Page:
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- Windows 10
- Windows 8.1
- Device manufacturers of CDC Control devices
Microsoft-provided in-box driver (Usbser.sys) for your Communications and CDC Control device.
In Windows 10, the driver has been rewritten by using the Kernel-Mode Driver Framework that improves the overall stability of the driver.
- Improved PnP and power management by the driver (such as, handling surprise removal).
- Added power management features such as USB Selective Suspend.
In addition, UWP applications can now use the APIs provided by the new Windows.Devices.SerialCommunication namespace that allow apps to talk to these devices.
Load the Microsoft-provided in-box driver (Usbser.sys) for your Communications and CDC Control device.
If you trying to install a USB device class driver included in Windows, you do not need to download the driver. They are installed automatically. If they are not installed automatically, contact the device manufacturer. For the list of USB device class driver included in Windows, see USB device class drivers included in Windows.
In Windows 10, a new INF, Usbser.inf, has been added to %Systemroot%Inf that loads Usbser.sys as the function device object (FDO) in the device stack. If your device belongs to the Communications and CDC Control device class, Usbser.sys is loaded automatically.You do not need to write your own INF to reference the driver. The driver is loaded based on a compatible ID match similar to other USB device class drivers included in Windows.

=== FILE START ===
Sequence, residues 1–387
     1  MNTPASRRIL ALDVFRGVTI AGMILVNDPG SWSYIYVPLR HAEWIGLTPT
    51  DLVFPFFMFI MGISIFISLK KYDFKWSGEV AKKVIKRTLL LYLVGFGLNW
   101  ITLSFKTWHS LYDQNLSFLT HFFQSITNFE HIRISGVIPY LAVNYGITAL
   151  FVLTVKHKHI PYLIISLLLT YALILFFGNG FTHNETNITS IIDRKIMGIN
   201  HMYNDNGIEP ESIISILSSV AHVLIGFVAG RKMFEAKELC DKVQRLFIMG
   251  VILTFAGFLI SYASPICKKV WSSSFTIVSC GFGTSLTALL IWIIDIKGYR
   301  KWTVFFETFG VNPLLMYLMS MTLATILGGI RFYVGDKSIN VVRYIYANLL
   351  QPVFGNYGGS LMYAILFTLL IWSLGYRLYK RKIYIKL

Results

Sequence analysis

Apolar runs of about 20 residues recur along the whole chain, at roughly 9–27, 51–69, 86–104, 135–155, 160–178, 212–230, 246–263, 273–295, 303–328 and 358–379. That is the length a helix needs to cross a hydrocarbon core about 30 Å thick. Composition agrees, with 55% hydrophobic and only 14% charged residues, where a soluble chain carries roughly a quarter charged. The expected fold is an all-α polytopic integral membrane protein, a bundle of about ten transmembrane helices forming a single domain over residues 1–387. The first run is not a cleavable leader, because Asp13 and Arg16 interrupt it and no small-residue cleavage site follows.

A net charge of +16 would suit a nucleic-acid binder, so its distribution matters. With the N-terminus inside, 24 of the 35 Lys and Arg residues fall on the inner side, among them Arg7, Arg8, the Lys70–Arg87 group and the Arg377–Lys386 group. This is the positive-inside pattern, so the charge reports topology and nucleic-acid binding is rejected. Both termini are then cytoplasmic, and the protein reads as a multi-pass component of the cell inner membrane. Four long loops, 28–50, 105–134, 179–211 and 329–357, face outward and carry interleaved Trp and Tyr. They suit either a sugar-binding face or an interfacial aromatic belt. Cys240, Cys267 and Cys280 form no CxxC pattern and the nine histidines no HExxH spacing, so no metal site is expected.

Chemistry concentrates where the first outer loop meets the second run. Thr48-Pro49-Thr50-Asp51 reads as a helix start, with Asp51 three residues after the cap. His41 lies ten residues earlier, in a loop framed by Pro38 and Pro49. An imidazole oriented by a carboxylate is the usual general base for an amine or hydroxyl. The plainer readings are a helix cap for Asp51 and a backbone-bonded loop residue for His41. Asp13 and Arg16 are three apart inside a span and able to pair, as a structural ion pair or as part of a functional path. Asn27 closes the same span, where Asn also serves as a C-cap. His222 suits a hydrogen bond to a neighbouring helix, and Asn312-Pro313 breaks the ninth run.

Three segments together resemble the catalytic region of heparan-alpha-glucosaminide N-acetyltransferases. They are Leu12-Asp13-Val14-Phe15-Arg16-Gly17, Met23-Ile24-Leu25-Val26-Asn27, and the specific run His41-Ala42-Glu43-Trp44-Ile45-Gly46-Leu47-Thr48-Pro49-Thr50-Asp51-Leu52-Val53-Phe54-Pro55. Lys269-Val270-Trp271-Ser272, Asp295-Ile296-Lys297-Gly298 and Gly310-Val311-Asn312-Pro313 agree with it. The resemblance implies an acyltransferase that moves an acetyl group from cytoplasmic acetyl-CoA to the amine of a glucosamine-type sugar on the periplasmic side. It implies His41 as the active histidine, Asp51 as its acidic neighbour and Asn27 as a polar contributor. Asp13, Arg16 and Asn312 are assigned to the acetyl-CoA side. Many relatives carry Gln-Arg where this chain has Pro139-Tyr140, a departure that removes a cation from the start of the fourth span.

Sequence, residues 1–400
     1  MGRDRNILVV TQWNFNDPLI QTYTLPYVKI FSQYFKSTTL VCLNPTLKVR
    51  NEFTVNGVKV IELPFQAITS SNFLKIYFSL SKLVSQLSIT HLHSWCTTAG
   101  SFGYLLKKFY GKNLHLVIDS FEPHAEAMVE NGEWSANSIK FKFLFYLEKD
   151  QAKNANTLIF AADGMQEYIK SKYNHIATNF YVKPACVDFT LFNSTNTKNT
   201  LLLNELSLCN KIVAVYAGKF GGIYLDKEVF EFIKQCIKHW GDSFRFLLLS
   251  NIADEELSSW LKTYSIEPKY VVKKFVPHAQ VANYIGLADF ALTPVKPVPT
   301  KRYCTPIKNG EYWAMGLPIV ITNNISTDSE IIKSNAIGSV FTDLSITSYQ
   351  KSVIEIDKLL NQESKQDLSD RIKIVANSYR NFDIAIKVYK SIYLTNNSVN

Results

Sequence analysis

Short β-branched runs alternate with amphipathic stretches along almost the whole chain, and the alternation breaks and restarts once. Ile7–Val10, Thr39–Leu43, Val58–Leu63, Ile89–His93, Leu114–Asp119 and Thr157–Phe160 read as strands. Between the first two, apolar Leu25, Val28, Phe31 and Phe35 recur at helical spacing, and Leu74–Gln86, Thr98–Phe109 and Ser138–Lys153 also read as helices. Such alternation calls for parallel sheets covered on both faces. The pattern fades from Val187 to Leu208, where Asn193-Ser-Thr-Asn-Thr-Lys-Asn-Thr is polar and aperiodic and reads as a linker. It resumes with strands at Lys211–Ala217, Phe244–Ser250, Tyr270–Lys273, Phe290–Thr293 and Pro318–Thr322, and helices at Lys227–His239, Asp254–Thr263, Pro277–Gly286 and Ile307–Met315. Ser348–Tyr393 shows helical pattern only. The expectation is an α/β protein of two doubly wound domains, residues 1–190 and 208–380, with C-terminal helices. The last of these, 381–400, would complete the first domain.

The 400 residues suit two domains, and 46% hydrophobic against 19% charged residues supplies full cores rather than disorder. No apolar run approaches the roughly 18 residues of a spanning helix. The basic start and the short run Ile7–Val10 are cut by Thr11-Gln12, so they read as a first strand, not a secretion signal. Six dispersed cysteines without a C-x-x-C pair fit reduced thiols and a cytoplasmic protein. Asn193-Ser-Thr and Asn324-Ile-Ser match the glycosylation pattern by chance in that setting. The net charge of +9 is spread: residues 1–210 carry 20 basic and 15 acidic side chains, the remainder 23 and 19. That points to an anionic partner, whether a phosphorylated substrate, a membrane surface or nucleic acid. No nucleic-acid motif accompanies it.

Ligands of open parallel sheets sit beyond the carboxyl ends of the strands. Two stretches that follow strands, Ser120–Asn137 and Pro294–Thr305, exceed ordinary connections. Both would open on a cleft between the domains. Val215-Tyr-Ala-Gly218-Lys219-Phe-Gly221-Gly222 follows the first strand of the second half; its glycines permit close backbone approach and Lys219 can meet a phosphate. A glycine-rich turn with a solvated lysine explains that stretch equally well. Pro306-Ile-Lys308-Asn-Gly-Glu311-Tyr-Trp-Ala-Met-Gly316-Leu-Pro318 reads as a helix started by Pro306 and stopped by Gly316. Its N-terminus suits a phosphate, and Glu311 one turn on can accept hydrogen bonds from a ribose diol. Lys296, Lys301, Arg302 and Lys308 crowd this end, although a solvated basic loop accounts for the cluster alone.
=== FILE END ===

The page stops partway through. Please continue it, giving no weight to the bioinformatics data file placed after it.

- If you want to load Usbser.sys automatically, set the class code to 02 and subclass code to 02 in the Device Descriptor. For more information, see USB communications device class. With this approach, you are not required to distribute INF files for your device because the system uses Usbser.inf.
- If your device specifies class code 02 but a subclass code value other than 02, Usbser.sys does not load automatically. Pnp Manager tries to find a driver. If a suitable driver is not found, the device might not have a driver loaded. In this case, you might have to load your own driver or write an INF that references another in-box driver.
- If your device specifies class and subclass codes to 02, and you want to load another driver instead of Usbser.sys, you have to write an INF that specifies the hardware ID of the device and the driver to install. For examples, look through the INF files included with sample drivers and find devices similar to your device. For information about INF sections, see Overview of INF Files.